Matsushita, K., Selvin, E., Bash, L. D., Astor, B. C., & Coresh, J. (2010). Risk implications of the new CKD Epidemiology Collaboration (CKD-EPI) equation compared with the MDRD Study equation for estimated GFR: the Atherosclerosis Risk in Communities (ARIC) Study. American Journal of Kidney Diseases : the Official Journal of the National Kidney Foundation, 55(4), 648-59. https://doi.org/10.1053/j.ajkd.2009.12.016
Matsushita K, et al. Risk Implications of the New CKD Epidemiology Collaboration (CKD-EPI) Equation Compared With the MDRD Study Equation for Estimated GFR: the Atherosclerosis Risk in Communities (ARIC) Study. Am J Kidney Dis. 2010;55(4):648-59. PubMed PMID: 20189275.
* Article titles in AMA citation format should be in sentence-case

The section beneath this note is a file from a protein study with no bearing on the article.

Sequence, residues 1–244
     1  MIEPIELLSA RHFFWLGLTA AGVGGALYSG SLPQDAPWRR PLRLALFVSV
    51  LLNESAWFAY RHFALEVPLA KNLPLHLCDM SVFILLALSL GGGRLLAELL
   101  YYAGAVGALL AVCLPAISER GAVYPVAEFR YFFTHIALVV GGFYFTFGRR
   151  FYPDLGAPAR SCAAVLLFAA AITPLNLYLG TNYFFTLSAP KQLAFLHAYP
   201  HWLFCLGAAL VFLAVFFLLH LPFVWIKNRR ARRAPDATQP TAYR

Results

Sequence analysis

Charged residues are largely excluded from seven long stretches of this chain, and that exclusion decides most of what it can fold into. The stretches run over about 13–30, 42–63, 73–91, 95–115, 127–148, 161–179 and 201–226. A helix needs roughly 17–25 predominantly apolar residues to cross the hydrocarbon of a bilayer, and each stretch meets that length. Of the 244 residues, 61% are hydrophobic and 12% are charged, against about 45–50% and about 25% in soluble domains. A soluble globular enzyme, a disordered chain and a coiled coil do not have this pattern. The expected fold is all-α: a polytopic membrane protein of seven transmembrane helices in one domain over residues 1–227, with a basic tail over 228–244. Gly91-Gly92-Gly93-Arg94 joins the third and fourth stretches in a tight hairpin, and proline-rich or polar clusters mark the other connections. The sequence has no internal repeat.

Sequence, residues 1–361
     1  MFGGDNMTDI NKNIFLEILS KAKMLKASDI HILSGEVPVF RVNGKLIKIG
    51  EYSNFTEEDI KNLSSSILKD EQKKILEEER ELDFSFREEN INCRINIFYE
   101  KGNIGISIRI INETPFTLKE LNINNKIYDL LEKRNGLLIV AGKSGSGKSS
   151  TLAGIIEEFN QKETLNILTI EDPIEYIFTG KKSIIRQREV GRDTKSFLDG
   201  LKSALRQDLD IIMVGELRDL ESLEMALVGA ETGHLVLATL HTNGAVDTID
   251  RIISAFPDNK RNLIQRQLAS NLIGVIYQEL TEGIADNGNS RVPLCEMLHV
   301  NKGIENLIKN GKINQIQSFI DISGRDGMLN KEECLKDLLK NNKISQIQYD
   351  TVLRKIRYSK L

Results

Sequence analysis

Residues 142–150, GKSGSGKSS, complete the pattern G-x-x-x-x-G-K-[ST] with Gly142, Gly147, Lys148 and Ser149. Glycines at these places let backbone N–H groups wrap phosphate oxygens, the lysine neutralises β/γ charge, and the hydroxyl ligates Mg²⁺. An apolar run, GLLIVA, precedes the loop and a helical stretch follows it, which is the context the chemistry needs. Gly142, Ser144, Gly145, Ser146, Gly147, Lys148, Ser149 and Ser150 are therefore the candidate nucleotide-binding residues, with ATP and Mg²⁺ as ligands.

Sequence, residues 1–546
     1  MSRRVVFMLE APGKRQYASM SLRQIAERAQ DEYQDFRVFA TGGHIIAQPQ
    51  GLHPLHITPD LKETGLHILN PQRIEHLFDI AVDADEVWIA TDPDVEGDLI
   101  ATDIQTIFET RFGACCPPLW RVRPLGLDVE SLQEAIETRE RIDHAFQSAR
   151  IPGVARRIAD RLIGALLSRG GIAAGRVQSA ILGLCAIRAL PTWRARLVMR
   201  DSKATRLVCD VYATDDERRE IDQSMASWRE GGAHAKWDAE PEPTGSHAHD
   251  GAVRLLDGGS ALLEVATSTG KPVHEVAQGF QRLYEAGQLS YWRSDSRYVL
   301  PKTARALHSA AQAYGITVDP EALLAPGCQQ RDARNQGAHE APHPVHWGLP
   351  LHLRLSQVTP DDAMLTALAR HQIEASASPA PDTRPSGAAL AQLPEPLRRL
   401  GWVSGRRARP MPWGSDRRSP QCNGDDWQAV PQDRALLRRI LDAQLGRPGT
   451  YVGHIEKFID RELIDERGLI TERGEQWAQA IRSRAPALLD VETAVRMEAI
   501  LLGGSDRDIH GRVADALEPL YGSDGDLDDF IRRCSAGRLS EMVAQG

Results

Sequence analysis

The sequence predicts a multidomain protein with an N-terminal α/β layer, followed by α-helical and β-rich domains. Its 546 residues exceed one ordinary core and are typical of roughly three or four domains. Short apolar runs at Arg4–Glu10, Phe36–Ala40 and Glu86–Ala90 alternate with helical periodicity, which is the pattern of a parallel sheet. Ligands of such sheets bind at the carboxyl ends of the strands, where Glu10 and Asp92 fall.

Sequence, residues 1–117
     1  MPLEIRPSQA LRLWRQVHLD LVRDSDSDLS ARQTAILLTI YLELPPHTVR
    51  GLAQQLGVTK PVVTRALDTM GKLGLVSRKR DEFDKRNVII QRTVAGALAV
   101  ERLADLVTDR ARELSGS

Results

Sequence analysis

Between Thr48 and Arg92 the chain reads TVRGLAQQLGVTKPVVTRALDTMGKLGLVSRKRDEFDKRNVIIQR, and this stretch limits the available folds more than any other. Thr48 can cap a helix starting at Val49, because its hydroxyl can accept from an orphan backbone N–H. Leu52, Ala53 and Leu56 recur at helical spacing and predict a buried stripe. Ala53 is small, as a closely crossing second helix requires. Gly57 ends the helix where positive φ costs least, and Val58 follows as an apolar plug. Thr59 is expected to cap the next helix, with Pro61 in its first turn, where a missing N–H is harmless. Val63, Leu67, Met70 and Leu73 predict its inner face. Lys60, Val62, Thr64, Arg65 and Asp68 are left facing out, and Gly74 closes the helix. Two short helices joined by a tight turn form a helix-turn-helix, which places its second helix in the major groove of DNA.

TY - JOUR T1 - Risk implications of the new CKD Epidemiology Collaboration (CKD-EPI) equation compared with the MDRD Study equation for estimated GFR: the Atherosclerosis Risk in Communities (ARIC) Study. AU - Matsushita,Kunihiro, AU - Selvin,Elizabeth, AU - Bash,Lori D, AU - Astor,Brad C, AU - Coresh,Josef, Y1 - 2010/02/26/ PY - 2009/09/15/received PY - 2009/12/07/accepted PY - 2010/3/2/entrez PY - 2010/3/2/pubmed PY - 2010/4/29/medline SP - 648 EP - 59 JF - American journal of kidney diseases : the official journal of the National Kidney Foundation JO - Am J Kidney Dis VL - 55 IS - 4 N2 - BACKGROUND: The Chronic Kidney Disease Epidemiology Collaboration (CKD-EPI) recently published an equation for estimated glomerular filtration rate (eGFR) using the same variables (serum creatinine level, age, sex, and race) as the Modification of Diet in Renal Disease (MDRD) Study equation. Although the CKD-EPI equation estimates GFR more precisely compared with the MDRD Study equation, whether this equation improves risk prediction is unknown. STUDY DESIGN: Prospective cohort study, the Atherosclerosis Risk in Communities (ARIC) Study. SETTING & PARTICIPANTS: 13,905 middle-aged participants without a history of cardiovascular disease with median follow-up of 16.9 years. PREDICTOR: eGFR. OUTCOMES & MEASUREMENTS: We compared the association of eGFR in categories (>or=120, 90-119, 60-89, 30-59, and <30 mL/min/1.73 m(2)) using the CKD-EPI and MDRD Study equations with risk of incident end-stage renal disease, all-cause mortality, coronary heart disease, and stroke. RESULTS: The median value for eGFR(CKD-EPI) was higher than that for eGFR(MDRD) (97.6 vs 88.8 mL/min/1.73 m(2); P < 0.001). The CKD-EPI equation reclassified 44.9% (n = 3,079) and 43.5% (n = 151) of participants with eGFR(MDRD) of 60-89 and 30-59 mL/min/1.73 m(2), respectively, upward to a higher eGFR category, but reclassified no one with eGFR(MDRD) of 90-119 or <30 mL/min/1.73 m(2), decreasing the prevalence of CKD stages 3-5 from 2.7% to 1.6%. Participants with eGFR(MDRD) of 30-59 mL/min/1.73 m(2) who were reclassified upward had lower risk compared with those who were not reclassified (end-stage renal disease incidence rate ratio, 0.10 [95% CI, 0.03-0.33]; all-cause mortality, 0.30 [95% CI, 0.19-0.48]; coronary heart disease, 0.36 [95% CI, 0.21-0.61]; and stroke, 0.50 [95% CI, 0.24-1.02]). Similar results were observed for participants with eGFR(MDRD) of 60-89 mL/min/1.73 m(2). More frequent reclassification of younger, female, and white participants explained some of these trends. Net reclassification improvement in participants with eGFR < 120 mL/min/1.73 m(2) was positive for all outcomes (P < 0.001). LIMITATIONS: Limited number of cases with eGFR < 60 mL/min/1.73 m(2) and no measurement of albuminuria. CONCLUSIONS: The CKD-EPI equation more appropriately categorized individuals with respect to long-term clinical risk compared with the MDRD Study equation, suggesting improved clinical usefulness in this middle-aged population. SN - 1523-6838 UR - https://www.unboundmedicine.com/medline/citation/20189275/Risk_implications_of_the_new_CKD_Epidemiology_Collaboration__CKD_EPI__equation_compared_with_the_MDRD_Study_equation_for_estimated_GFR:_the_Atherosclerosis_Risk_in_Communities__ARIC__Study_ L2 - https://linkinghub.elsevier.com/retrieve/pii/S0272-6386(09)01591-1 DB - PRIME DP - Unbound Medicine ER -